The river area is set to change dramatically by 2030 as part of the Hangang Renaissance. When completed, there will be three artificial islands offering gardens, cafes and cultural venues; and eight waterfront towns connected by river taxis.

One of bridges that span the Hangang, the double-decked Banpo, boasts the world's longest bridge fountain.

Installed last September, the Moonlight Rainbow Fountain makes art out of river water by pumping it out in rainbow-coloured sprays to the music of Vivaldi and other classical works.

Designer tastes

Cheonggyecheon Steam, Seoul
The transformation of Sky Park, Cheonggyecheon and Hangang, lend an intriguing dimension to a city that at first glance looks like any other built-up metropolis. But Seoul is eager to distinguish itself as a tourist destination, and not only with its eco projects.

Last November, the city launched its first gourmet food festival, Amazing Korean Table, where top chefs from around the world were invited to cook with Korean ingredients.

This year, it was named World Design Capital 2010, allowing it to highlight its urban projects and design plans. The centrepiece is Dongdaemun Design Plaza and Park by renowned architect Zaha Hadid which will merge architecture and nature into one seamless whole.

Beam me down to that green patch, Scottie.

iTour Seoul

Recognising that visitors may have difficulty with the language barrier, the city has rolled out a free application that shows the user's location as well as hotels, restaurants, shops and attractions. iPhones with the application which can be borrowed free of charge at the SHOW Global Roaming Centre at Incheon International Airport, Gimpo International Airport, or City Air Terminal near Coex. More information at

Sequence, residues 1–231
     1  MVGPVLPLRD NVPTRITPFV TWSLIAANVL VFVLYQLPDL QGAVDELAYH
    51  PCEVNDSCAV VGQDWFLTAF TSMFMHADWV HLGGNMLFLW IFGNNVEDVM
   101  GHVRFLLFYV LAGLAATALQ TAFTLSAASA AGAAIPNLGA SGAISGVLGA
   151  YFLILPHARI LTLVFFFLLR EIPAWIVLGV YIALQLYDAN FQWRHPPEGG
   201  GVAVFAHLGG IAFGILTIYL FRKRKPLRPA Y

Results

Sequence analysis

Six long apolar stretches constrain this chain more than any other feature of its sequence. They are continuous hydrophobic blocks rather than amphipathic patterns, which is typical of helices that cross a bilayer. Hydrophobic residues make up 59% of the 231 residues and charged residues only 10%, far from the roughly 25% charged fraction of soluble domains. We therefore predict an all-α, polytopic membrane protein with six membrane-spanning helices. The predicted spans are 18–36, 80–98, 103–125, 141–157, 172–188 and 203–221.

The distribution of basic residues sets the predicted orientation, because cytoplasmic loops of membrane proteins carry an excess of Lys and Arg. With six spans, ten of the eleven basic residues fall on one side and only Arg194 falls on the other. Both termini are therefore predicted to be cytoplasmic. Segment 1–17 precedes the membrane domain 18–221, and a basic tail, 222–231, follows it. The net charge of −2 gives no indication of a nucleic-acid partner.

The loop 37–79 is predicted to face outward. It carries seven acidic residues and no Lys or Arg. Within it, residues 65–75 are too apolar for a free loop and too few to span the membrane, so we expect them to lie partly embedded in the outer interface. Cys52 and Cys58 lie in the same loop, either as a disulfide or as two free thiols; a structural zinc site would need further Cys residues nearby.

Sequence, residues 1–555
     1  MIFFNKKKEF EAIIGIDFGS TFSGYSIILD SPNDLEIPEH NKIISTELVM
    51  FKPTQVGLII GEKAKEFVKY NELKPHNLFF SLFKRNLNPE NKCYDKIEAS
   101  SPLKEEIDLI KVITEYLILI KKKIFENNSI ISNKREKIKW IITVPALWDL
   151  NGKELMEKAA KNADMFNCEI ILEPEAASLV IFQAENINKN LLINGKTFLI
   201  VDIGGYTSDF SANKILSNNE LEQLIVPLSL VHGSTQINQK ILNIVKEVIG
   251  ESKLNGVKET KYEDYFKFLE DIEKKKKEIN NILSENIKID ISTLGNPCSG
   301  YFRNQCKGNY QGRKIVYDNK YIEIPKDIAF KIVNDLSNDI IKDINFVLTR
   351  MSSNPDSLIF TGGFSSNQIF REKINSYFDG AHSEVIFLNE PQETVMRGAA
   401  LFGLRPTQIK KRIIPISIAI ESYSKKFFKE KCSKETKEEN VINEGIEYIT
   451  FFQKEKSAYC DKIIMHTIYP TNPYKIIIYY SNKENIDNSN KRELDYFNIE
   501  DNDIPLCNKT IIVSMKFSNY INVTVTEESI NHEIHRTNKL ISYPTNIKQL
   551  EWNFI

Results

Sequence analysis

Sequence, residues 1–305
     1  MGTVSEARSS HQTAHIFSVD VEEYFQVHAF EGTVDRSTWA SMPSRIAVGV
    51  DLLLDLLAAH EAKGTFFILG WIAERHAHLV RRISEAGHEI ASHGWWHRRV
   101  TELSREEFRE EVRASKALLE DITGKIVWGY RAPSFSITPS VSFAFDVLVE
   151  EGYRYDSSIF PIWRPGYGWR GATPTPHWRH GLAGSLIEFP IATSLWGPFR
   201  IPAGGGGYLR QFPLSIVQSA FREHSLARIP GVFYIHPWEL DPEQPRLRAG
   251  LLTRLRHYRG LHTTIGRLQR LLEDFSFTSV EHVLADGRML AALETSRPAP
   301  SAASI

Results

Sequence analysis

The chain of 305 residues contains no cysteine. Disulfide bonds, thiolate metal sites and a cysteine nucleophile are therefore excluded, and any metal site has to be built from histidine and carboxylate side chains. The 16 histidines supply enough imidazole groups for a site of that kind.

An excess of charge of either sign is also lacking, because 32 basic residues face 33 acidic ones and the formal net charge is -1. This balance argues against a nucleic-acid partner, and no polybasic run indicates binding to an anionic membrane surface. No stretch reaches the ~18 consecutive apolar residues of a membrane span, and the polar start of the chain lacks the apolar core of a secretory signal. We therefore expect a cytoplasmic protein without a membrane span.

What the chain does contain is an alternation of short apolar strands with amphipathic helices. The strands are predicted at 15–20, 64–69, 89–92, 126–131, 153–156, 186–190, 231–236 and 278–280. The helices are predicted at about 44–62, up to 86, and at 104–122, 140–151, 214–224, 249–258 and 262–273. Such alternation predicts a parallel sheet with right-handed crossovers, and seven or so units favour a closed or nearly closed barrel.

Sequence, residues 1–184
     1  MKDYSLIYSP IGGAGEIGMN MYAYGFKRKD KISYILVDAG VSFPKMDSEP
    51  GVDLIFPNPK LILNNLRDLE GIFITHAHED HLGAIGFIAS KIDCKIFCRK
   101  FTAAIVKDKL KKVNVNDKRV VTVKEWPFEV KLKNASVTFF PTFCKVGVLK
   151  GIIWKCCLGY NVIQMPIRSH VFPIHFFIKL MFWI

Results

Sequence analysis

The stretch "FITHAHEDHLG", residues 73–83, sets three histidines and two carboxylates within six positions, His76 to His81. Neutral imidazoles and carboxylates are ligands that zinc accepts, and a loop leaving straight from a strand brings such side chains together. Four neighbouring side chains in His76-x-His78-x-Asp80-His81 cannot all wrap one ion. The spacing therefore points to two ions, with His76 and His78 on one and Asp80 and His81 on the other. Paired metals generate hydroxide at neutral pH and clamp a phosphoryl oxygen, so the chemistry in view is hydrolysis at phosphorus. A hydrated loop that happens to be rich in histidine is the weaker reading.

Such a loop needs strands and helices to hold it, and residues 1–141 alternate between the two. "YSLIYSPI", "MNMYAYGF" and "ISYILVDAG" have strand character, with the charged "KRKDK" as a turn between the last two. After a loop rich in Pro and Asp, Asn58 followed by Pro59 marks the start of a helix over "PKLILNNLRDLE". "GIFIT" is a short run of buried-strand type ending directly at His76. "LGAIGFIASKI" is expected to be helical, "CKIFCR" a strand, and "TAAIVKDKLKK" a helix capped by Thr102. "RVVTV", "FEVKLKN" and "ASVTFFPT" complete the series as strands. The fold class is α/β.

From TODAY, Travel; source article is below:
Green heart of Seoul

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South Africa and Football

Beautiful game, colourful nation
Beyond the World Cup stadiums, South Africa offers a lot more action

by Kevin Soon

FOOTBALL fans heading down to the Rainbow Nation for the 2010 World Cup are in for an exciting time both in and out of the stadiums.

For the 19th edition of the beautiful game's most prestigious tournament is aptly being held in one of the most beautiful countries in the world.

From Polokwane in north-east Limpopo province to Cape Town in the Western Cape Province, each World Cup venue offers myriad world-class attractions.


Pretoria has a peaceful charm unlike bustling Joburg.
World Cup visitors will likely be spending some time in this area as three of the 10 stadiums hosting the matches are located in these two neighbouring cities.

Johannesburg, the largest city in South Africa, is famous for its suburban Soweto township - where Nobel Peace Prize winners Nelson Mandela and Archbishop Desmond Tutu grew up.

A tour of this vibrant township, which contains most of Johannesburg's black population, is best done as part of an organised tour group. This is because although Soweto is by and large a safe place to visit, chances of getting lost in this sprawling, maze-like township are high.

South Africa football.
A good way to meet the friendly locals here is to ask your guide to take you to a "shebeen" (drinking place) for a pint or two of the popular South African Castle Lager.

The capital city of Pretoria - also known as the Jacaranda City for its pretty jacaranda trees - has a peaceful charm unlike bustling Jo'burg.